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Saturday, February 17, 2007

Two good articles from "Arkansas Catholic"

Arkansas Catholic has two good articles up. The first one that I will mention deals with the Sacrament of Reconciliation. It's a good read in preparing for Lent.

Reconciliation is personal encounter with Christ

The second article offers a short reflection on Bishop Edward Fitzgerald, second Bishop of Little Rock. February 21 marks the 100th anniversary of his death. Until reading this article I did not know that Bishop Fitzgerald was one of only two bishops to vote against the dogma of papal infallibility during the first Vatican Council. The article offers some explanation for the reasoning behind his vote.

Bishop Edward Fitzgerald was a reluctant but ready servant


Moonshadow said...

As to the second article:

That council is interesting for what it did and didn't do.

On the matter of papal infallibility, many prominent and influential men were opposed.

The Wiki article mentions 60 bishops who left Rome before the vote.

All the more, then, the action of the Holy Spirit is evident in the vote's outcome.

What the council didn't accomplish is also, I think, a sign of the Holy Spirit's activity: a solemn pronouncement on the nature of Christ's atonement in specific and technical language.

But, according to Wiki, "the outbreak of the Franco-Prussian War interrupted the council. It was suspended following the capture of Rome and never resumed."

Do you agree with Bishop Fitzgerald that Arkansas is a "suburb of hell?"

When my husband had a temporary job assignment in Little Rock, Christians tried to convert him. He thought claiming to be Catholic would fend them off, but it only inspired them to engage him all the more.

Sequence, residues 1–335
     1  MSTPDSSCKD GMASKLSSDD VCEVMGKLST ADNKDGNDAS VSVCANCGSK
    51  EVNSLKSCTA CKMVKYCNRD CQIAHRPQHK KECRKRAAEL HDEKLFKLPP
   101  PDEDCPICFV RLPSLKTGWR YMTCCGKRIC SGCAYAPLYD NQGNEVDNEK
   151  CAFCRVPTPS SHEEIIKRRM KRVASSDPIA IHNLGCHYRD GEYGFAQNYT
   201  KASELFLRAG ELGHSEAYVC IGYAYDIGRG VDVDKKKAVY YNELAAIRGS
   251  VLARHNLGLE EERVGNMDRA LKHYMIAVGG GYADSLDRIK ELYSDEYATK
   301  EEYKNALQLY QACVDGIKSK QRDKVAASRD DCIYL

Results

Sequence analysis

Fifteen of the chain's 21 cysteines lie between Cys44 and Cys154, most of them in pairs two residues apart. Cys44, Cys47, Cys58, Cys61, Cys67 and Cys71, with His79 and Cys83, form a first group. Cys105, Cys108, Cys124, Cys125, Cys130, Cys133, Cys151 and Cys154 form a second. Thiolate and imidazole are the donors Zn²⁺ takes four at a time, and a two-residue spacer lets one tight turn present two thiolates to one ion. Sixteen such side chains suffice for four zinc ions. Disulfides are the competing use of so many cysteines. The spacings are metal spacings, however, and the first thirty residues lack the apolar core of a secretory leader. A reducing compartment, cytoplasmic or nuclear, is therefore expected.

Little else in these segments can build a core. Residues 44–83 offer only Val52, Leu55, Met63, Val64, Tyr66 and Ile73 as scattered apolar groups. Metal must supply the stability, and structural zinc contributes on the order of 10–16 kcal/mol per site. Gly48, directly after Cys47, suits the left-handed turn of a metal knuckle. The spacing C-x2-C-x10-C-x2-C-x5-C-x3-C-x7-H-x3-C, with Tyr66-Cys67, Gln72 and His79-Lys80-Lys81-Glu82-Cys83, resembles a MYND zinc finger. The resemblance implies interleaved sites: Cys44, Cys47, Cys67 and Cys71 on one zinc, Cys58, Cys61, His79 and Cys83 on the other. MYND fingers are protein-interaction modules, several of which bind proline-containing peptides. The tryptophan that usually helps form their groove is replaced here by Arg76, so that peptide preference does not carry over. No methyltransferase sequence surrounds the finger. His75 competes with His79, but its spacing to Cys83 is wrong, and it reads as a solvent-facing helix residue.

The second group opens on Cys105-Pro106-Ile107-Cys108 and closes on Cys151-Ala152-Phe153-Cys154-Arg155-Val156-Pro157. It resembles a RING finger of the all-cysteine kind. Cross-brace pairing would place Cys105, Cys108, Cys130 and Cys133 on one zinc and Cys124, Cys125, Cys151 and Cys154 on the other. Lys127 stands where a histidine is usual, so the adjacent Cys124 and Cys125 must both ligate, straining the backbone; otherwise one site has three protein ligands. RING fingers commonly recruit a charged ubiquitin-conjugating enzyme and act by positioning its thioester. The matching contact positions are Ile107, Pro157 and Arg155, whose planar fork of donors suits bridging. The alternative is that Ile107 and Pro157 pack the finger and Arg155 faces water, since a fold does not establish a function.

Chris said...

Well I wrote a response to this and lost it....I'll try again.

I think Arkansas is a misunderstood state. It carries with it the perception of being backwards and unimportant. A reputation that isn't completely undiserved.

However, today Arkansas is a much different state than in the past. It is home to a few of the country's and world's largest companies. i.e. Wal-Mart, Tyson Foods, Alltel.

It is also one of the most geographically diverse states. Cultural diversity is on the rise.

However, in Bishop Fitzgerald's day he was dealing with a much different area. He was in charge of a diocese that included all of Arkansas and present day Oklahoma. He had four priests in his charge. Catholicism was not very popular in the area at that time.

Today, I would have to say that the Catholic Church in Arkansas is definately growing. However, in many parts of the state it is still unknown. For example, I grew up in a town of less than 2000 people in southwest Arkansas. I was a senior in high school before I knew that there was a Catholic church in town. In fact, there are only two Catholic churches in the entire county and they are both missions of St. Edwards parish in Texarkana, Arkansas.

I can see why Bishop Fitzgerald may have described Arkansas as a "suburb of hell" during his time as Bishop of Little Rock. However, he did a lot to change that and cultivate the growth of the Church in Arkansas. Today, I would not use that description of the state.

Moonshadow said...

Today, I would not use that description of the state.

No, I should think not.

And what a shame that the Bishop felt that way about the area he was called to serve.

That was my point. Regardless of whether the sentiment was justified.

Chris said...

I wonder what would happen if a bishop made a similar statement about his diocese today?

I would suspect that Bishop Fitzgerald's comment wasn't made public until many years later. Today, it would probably come to light much sooner. There would be plenty of Catholic bloggers talking about it. I'm sure it would create a small scandal.

Yes, it is sad that the condition of the diocese would have prompted him to make this statement. However, we can rejoice in the work that he did to help the diocese become the much different place that it is today.